I don’t know if this phenomenon works only for subvocalizers or if speed readers would find the same true, but it’s true enough to make the meme play well on the internet. It’s also common to see writers create the effect of someone talking slooooooooooooowllllly by adding extra letters (and often resorting to phonetic spelling to pull it off).

I personally think that this works not because people read the extra letters for the extra amount of time, but because of another phenomenon: Readers slow down when they encounter something jarring.

So, unexpected punctuation (like the period after every word) or unexpected spelling (such as “slooooooooooooowllllly”) are related phenomena. Personally, I suspect this works because an awful lot of reading speed depends on the reader assuming what they’re going to find, and something that breaks that assumption derails the flow. You can create this effect by altering your narrative voice, too. To take an extreme example, consider my default, long-sentenced, big-word-intensive writing style. Yo, mofo! Bitch be buggin! Jarring, isn’t it? That’s not my voice at all. (And it’s also somewhat offensive, which I hope you find jarring for similar reasons.) An extreme case like that would probably, at best, have comic effect, but by suddenly inserting a long sentence where others have all been short, you can get the same effect. Similarly, a clear and concise sentence amid a sea of sentences like I write will stop the reader and hammer home a point. I’ve done that here. Readers tend to read more slowly at the beginning of a book than at the end, probably because they’re training themselves to the author’s voice and style. Violate that, and you’re going to slow them back down.

And, of course, you similarly slow down a reader when you’re doing something unexpected with your prose in general. By that I mean using an inverted paragraph structure, for example. Or deliberately withholding information. (I hate that, by the way.) Or, to go to an extreme, opting to suddenly have all the words on the page come cascading down into a huge pile (looking at you, Nick Mamatas).

But those are just things that you can do as an author. Those of you who have control of how your book is typeset — and as self-publishing becomes more and more common, that number will grow even as we lose control of it in electronic formats — have even more control over reading speed than you think.

Remember what I said above about white space? Yeah, you’ve got total control of that.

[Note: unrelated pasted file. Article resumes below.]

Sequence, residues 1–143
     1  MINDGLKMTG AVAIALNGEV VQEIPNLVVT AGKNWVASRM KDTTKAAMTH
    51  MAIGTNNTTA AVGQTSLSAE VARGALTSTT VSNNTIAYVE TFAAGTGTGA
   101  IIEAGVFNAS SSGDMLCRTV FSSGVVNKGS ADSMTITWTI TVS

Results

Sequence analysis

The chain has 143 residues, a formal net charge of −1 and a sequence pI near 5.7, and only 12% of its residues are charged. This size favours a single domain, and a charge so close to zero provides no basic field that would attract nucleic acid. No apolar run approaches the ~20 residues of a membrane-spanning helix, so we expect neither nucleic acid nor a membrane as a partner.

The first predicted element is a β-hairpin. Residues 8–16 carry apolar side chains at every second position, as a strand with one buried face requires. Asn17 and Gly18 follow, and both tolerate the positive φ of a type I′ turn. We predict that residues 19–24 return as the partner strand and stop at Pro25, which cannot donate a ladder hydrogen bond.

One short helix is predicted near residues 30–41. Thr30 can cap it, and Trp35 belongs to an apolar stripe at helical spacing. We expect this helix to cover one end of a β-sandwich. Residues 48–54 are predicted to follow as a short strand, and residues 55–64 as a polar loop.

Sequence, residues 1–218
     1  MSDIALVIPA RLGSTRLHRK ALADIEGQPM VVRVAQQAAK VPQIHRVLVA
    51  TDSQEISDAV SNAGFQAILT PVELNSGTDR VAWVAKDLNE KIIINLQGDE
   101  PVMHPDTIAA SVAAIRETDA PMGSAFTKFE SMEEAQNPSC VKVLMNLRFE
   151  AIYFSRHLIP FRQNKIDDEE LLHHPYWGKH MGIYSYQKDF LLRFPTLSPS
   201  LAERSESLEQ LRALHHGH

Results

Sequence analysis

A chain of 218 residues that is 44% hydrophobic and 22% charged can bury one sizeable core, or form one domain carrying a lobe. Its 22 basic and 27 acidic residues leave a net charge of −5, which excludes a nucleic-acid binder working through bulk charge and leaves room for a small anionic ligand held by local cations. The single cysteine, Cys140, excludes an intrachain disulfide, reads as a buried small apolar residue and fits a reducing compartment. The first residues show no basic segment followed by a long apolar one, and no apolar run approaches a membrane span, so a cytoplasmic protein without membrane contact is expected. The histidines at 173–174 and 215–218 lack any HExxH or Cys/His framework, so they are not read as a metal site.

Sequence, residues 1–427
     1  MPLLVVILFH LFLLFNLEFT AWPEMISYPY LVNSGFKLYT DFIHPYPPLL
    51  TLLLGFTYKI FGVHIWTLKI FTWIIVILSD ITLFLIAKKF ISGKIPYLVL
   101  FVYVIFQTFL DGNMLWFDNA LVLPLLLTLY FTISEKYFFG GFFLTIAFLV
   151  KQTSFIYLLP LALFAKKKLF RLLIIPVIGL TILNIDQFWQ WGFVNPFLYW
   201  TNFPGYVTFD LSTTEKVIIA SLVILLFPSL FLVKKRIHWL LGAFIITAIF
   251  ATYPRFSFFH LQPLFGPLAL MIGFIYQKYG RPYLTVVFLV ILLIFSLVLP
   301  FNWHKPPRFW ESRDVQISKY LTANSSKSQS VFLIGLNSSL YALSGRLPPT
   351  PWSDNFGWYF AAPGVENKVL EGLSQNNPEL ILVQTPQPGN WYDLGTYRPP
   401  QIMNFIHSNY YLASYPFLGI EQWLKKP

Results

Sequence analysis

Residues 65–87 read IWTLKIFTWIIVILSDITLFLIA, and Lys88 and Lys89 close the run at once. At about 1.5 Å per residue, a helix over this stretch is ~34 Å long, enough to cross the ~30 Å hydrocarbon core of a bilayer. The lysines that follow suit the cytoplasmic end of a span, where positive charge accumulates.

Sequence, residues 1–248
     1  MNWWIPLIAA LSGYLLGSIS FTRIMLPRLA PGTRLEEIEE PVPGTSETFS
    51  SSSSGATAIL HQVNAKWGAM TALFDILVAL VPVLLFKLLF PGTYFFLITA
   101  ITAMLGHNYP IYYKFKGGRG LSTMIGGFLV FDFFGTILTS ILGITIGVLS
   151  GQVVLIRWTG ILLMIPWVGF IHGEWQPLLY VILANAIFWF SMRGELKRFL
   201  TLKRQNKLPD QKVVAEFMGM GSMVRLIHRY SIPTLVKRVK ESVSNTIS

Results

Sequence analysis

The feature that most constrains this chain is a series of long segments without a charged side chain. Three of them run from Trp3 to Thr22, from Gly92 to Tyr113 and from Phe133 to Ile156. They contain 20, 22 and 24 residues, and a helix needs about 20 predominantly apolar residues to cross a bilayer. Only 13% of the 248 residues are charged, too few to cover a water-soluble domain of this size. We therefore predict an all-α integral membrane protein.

When you do a graphic design for a book, you’ve got full control of your font size, your tracking (that’s the space between the letters on a given line), and your leading (that’s the space between lines). Setting your tracking with a little extra white space — but not so much that the word start to break apart — makes the text easier to read, and therefore increasing reading speed. So when you need to slow the reader down a bit, you can decrease the tracking ever so slightly. The same is true of the leading (the space between lines). When a page has an additional line or two on it, and therefore a little less space between lines, the reader instinctively slows down. You don’t want to go too far with either, of course, since readability suffers if things run together or if things get to be spaced too far apart, but a good graphic designer can totally manipulate how quickly the reader gets through different parts of the book (and how much they felt like they enjoyed reading it — something to consider before asking your cousin’s kid to do a cheap-ass layout for you).

Different typesetting choices.

[Figure 2: Different typesetting choices affect reading speed. Spacing between letters (tracking), spacing between lines (leading), line length, and font size make some text easier to read, and therefore read more quickly, and other text harder to read, and therefore read more slowly.]

I also suspect, though I’ve not seen any research to back this up, that fudging the font size a bit smaller would encourage the reader to lean in a bit more and create the impression that you’ve started to whisper to them. Can’t say for sure. If you decide to try it, let me know.

There are other graphic design elements that affect reading ease as well, such as widow and orphan control. (Widows are single lines of a paragraph that fall on a different page or column than the rest of the paragraph. Orphans are when a single word falls on a line by itself at the end of a paragraph.) Again, a good designer knows about this and can help you a lot if you communicate clearly about where it’s important to keep the reader moving quickly and where you want them to slow down and consider more.

This is actually a complicated subject, and the list of reasons why you would want to control reading speed and what effect different writing and typesetting choices have could fill a book. But hopefully this gives you a quick idea of the basics.

And, as always, I’m going to end by saying I’d love to hear from you. What do you find effective for controlling reading speed? It’s a broad topic, and not all of us are masters at it just yet.

#SFWApro